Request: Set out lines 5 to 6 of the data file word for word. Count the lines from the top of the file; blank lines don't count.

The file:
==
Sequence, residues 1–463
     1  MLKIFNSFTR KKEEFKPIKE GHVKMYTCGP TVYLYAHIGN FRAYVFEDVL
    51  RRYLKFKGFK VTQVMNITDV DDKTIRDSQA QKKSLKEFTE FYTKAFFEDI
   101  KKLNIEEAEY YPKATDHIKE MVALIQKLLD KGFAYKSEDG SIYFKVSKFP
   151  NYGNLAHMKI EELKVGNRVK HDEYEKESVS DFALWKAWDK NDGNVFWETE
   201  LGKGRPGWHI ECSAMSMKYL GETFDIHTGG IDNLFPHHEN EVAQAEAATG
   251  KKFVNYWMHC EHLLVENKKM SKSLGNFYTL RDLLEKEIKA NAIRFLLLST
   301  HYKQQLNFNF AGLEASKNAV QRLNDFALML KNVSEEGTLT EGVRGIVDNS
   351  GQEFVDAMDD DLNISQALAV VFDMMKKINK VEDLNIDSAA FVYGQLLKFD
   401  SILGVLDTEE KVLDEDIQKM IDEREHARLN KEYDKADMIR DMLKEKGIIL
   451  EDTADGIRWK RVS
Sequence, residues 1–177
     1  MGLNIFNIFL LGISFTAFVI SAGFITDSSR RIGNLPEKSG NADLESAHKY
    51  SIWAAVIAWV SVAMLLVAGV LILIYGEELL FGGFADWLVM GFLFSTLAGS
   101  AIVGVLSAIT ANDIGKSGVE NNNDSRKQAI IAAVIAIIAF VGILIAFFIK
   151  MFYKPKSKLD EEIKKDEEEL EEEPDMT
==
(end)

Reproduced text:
   151  NYGNLAHMKI EELKVGNRVK HDEYEKESVS DFALWKAWDK NDGNVFWETE
   201  LGKGRPGWHI ECSAMSMKYL GETFDIHTGG IDNLFPHHEN EVAQAEAATG